I want to be able to point the monitor at an rc.d script and tell it, "hey, if
        _this_ process quits, run _that_ script to restart it. Now, the way daemontools
        handles it is by making the script like your guard script. It doesn't exit
        unless the daemon stops or crashes for some reason. The rc.d scripts don't work
        like that, they start the daemon and then they exit. So, the rc.d scripts have to
        have some way to communicate with the monitor. The best solution I've been able
        to come up with is a pipe(2). When the monitor uses an rc.d script to restart
        a stopped daemon it creates a pipe(2), forks(2), and execve(2)'s the script.
        It passes the file descriptor of the the write-end of the pipe through an
        environment variable. Now, like I said, this works fine, except that the file
        descriptors for the pipe(2) are not close-on-exec. So, in addition to the monitor
        and the script, any processes forked by the script also has access to the pipe(2)
        and the environment variable that contains the fd for _one_ end of the pipe. So,
        conceivably they could write garbage to it. Now this isn't really exploitable
        because:
        1. The monitor only expects a pid. A malisciout user could not
        use this to modify a parameter and get it to restart a different daemon.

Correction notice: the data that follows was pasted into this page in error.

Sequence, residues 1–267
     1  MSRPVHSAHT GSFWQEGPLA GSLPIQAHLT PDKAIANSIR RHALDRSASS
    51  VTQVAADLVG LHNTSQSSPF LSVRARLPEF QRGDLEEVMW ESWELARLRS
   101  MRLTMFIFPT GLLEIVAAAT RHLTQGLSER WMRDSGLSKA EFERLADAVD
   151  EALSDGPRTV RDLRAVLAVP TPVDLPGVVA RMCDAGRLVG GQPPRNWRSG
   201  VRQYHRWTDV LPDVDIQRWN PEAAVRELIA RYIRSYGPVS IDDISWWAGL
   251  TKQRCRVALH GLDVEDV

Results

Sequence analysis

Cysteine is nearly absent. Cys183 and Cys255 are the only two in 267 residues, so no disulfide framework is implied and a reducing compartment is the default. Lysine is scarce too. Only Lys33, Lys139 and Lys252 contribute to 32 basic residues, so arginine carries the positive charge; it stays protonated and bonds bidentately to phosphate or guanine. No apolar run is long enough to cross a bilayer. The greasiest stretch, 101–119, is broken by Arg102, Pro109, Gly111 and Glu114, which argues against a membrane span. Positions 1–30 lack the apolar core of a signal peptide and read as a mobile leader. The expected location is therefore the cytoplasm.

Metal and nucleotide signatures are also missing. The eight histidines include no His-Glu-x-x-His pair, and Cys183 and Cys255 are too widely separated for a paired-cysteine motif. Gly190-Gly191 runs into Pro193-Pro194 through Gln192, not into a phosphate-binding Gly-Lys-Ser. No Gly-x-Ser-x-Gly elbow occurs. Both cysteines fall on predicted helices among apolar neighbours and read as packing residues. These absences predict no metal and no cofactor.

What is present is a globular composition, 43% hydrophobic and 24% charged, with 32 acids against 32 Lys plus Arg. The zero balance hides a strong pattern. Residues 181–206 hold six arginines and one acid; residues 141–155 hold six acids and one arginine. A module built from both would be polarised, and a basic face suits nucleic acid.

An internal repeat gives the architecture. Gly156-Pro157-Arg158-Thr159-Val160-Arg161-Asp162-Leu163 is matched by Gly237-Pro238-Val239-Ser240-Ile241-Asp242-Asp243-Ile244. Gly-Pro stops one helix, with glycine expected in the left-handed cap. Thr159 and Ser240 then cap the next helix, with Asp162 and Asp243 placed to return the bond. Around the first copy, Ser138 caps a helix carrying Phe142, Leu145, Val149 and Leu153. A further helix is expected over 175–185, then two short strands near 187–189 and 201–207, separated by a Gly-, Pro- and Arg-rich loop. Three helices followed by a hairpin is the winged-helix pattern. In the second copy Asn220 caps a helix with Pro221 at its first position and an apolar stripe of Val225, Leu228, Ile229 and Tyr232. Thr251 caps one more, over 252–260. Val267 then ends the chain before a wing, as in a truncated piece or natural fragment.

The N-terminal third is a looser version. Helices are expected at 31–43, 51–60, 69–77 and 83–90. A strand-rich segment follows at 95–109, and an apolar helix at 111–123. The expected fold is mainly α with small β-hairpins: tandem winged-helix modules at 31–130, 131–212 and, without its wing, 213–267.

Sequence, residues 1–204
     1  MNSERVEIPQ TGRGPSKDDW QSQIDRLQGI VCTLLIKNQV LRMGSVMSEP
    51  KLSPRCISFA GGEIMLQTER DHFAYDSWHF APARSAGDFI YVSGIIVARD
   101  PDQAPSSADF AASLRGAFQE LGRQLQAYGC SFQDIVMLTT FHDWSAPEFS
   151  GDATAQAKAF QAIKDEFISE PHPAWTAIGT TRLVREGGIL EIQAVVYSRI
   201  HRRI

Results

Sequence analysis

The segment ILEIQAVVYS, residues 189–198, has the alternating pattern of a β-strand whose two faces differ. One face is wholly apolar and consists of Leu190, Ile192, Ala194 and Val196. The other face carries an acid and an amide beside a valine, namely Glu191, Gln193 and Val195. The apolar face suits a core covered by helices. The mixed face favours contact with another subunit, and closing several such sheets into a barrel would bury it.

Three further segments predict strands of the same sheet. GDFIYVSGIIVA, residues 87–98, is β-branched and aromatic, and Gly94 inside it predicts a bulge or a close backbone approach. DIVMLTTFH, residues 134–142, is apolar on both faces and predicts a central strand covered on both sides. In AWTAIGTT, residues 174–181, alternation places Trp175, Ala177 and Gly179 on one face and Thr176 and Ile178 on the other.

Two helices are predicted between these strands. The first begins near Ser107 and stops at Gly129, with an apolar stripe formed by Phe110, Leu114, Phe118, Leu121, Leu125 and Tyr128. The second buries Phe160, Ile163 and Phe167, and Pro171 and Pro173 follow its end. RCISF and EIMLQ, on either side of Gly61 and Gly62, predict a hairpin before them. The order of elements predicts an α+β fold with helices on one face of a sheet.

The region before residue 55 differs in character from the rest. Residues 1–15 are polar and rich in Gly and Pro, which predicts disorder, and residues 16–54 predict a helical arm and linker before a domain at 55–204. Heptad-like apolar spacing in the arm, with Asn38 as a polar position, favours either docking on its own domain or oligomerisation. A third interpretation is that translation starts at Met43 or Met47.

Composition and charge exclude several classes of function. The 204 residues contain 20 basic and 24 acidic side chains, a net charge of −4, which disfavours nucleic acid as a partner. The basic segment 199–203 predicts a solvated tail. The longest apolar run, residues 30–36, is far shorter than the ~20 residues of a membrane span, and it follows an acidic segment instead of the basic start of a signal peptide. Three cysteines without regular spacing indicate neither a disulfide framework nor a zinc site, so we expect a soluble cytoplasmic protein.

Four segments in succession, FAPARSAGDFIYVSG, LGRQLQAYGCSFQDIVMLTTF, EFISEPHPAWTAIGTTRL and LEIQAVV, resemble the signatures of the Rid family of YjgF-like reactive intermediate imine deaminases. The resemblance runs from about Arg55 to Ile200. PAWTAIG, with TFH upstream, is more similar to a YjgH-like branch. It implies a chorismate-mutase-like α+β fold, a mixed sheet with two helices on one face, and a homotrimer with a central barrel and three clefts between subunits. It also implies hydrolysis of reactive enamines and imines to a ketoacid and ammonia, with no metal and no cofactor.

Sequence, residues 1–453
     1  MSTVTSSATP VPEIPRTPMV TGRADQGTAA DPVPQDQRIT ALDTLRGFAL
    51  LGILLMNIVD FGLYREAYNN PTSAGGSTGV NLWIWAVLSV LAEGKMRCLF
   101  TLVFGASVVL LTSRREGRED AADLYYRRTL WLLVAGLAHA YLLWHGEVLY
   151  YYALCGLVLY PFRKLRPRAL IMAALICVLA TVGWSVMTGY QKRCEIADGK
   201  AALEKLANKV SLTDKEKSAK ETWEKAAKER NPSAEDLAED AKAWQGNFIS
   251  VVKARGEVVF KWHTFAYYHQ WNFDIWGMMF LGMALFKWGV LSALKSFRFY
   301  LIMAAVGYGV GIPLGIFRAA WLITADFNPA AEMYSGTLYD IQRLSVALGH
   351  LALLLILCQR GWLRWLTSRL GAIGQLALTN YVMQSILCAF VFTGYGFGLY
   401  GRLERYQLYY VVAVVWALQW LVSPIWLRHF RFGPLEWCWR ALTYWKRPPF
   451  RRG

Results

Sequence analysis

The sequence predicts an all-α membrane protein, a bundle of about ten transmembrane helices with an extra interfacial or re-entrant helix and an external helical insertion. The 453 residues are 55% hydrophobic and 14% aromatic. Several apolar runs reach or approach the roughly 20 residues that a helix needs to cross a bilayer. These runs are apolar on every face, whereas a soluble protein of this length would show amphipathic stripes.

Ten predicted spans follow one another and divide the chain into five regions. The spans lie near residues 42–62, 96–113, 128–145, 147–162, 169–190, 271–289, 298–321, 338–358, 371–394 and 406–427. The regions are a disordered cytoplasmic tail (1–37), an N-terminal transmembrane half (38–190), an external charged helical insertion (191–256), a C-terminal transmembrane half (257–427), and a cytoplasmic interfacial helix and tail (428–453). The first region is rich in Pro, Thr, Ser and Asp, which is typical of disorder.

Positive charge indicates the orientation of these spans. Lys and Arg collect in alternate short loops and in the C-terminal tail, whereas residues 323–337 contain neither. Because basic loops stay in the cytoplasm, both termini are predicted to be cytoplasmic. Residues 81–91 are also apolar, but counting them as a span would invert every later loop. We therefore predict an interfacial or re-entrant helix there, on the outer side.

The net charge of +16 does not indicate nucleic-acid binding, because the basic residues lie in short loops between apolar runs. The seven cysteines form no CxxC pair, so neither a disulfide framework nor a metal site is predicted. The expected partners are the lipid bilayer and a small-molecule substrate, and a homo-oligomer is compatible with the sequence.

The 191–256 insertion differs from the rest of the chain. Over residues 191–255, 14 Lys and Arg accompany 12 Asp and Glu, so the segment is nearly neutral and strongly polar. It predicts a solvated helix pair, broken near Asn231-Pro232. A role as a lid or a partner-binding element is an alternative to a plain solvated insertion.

2. The monitor closes both ends of the pipe(2) immediately after the
        first read(2) so the window of opportunity isn't very big.
        3. The domain socket, the rc.d scripts, etc are only writeable by
        the root user, so a malicious user would first have to break root
        to take advantage of this ...err...feature.
        None the less, benign as it may be, I would like to mitigate this problem
        by adding a built-in function to sh(1) that (un)sets the close-on-exec flag
        of a descriptor so that the rc.d scripts can use it to stop from propagating the
        pipe to any child processes. However, I am not sure if such a patch would be
        acceptable to people.
        Another solution might be to unset the environment
        variable that contains the fd of the write-end of the pipe. So, even though
        the pipe would be in the children's fd table, they wouldn't know which
        one it was.

        > > One of the bits
        > > of information it passes is the rc.d script to run (itself) when the
        > > daemon dies. So, when a daemon crashes and it comes time to restart it
        > > the monitor creates a pipe, runs the script, and read(2)s on the listening
        > > end of the pipe for the script to send it the new pid of the daemon. This
        > > works fine, except that every process spawned from the script now has access
        > > to the pipe. It would be nice if the Bourne Shell had a built-in function to
        > > set the close-on-exec flag of a file descriptor. Do you think people would
        > > be amenable to such a patch? Or do you think this bug^H^H^Hfeature is
        > > something we can live with?
        > >

        Cheers.
        --
        Mike Makonnen | GPG-KEY: http://www.identd.net/~mtm/mtm.asc
        mtm@... | Fingerprint: D228 1A6F C64E 120A A1C9 A3AA DAE1 E2AF DBCC 68B9
      Your message has been successfully submitted and would be delivered to recipients shortly.